Tribeca Doc ‘LFG’ strikes at fight for equal pay for United States women’s football team – Deadline



There is no doubt that the United States women‘s football team is the best in the world. They have proven it in competition.

On Thursday, the team won their final match, an “international friendly” against Nigeria, as they prepare for the Summer Olympics in Tokyo. Next up, July 1, is another friendly against Mexico. The women’s team has won four World Cups and four Olympic gold medals.

“They’re playing a really dynamic and incredibly skillful game,” notes filmmaker Andrea Nix Fine. She and her film partner and husband Sean Fine directed the documentary LFG, making its world premiere at the Tribeca Film Festival on Thursday night. The film explores the long efforts of the Women’s National Team to secure a victory off the field, tied with their counterparts on the Men’s National Team.

The film returns in 2019 when the 28 members of the women’s team dropped a bomb shortly before the start of the Women’s World Cup, filing a sex discrimination class action lawsuit seeking equal pay.

“In some ways this trial is very complicated and in some ways very simple,” Nix Fine said during an appearance on Deadline’s Tribeca virtual studio. “The simple side is equal pay for equal work. What the women deposited [suit] because had to be treated economically, and offer working conditions, the same as the men’s team. Historically, it had never been done that female athletes ever sued their employer for being treated the same as male athletes. “

The United States Football Federation, which governs both the men’s and women’s teams, has opposed women’s legal efforts at every turn. At one point, the USSF argued that women did not deserve to be paid as much as men because male players are stronger and faster (the organization reversed this claim after a public backlash).

In total dollars, women to have won more than the men, but they have to play about three times as many games to do so. Because the women’s team are so successful, they advance further in tournaments than the men’s team usually does, giving them the chance to play more games.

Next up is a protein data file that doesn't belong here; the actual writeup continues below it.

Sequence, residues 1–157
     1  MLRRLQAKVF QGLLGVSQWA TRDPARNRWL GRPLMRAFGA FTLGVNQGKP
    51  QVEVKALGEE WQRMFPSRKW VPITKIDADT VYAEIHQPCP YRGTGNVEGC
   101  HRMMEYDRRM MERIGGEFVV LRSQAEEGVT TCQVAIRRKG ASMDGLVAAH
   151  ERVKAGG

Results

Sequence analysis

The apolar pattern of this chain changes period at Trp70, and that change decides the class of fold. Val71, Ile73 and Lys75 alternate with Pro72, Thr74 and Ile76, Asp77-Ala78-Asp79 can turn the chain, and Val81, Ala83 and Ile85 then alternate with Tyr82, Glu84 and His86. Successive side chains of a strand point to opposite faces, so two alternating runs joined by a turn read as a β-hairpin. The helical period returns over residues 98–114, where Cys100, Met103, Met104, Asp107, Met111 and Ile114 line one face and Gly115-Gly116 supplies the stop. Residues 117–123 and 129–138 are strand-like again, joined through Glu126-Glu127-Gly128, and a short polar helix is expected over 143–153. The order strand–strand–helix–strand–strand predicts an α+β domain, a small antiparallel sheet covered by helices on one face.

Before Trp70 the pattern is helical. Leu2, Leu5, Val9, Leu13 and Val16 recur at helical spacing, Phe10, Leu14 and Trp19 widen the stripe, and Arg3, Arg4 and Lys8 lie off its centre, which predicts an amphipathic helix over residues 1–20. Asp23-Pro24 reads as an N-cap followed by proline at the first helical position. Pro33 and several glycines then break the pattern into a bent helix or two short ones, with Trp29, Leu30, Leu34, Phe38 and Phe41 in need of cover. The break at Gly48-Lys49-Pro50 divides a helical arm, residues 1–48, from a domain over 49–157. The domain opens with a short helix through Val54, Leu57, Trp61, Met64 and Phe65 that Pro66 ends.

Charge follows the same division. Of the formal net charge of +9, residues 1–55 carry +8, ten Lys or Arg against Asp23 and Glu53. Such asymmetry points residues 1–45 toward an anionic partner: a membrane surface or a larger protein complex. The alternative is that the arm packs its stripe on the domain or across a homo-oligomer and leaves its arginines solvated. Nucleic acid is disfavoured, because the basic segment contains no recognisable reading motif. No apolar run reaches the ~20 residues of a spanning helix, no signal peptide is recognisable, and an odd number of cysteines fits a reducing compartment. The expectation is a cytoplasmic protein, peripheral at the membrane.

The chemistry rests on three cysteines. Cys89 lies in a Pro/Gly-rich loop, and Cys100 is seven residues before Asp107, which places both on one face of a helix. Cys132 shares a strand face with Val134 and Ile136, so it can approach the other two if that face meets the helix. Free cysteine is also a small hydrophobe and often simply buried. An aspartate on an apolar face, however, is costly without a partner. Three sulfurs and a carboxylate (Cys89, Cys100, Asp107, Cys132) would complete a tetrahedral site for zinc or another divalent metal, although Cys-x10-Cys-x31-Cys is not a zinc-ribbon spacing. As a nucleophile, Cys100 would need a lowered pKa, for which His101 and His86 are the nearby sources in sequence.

“The men have never won a World Cup. And that doesn’t mean anything bad about the men’s team, ”Fine said. “For me, as a sports fan, there is just no comparison. [The women] put so much work and effort into getting to where they are and we got to see it firsthand as well. You get a real appreciation for how hard they work to get what they deserve.

“There are a lot of misconceptions about economics,” Nix Fine noted. “The women’s team actually brings in more revenue for US Soccer. It’s their dollar income… It’s an undeniable claim that they have.

LFG will be available to stream on HBO Max on June 24. The headline comes from a rallying cry from women before they run onto the field: “Let’s F *** ing Go!”

“What this film does is that it immerses you a lot inside what it feels like to be these actors, these women, this collective force, who are part of a brotherhood, who ask to be treated more equitably economically by their employer for decades, “Nix Fine explained.” This is not a new demand. “

The film includes interviews with many current actors, including Megan Rapinoe, Jessica McDonald, Becky Sauerbrunn, Kelley O’Hara and Sam Mewis.

“They speak of a very personal place,” Nix Fine noted. “And they are working on this lawsuit as a second job and have been doing it for years.”

“We hope this will get US Soccer to come back to the table,” Fine added, “to talk to the women, to see how they can resolve this issue amicably, together, and move on. I think it is. is what women want.

Watch the full conversation in the video above. The Deadline Studio is sponsored by Verimatrix.


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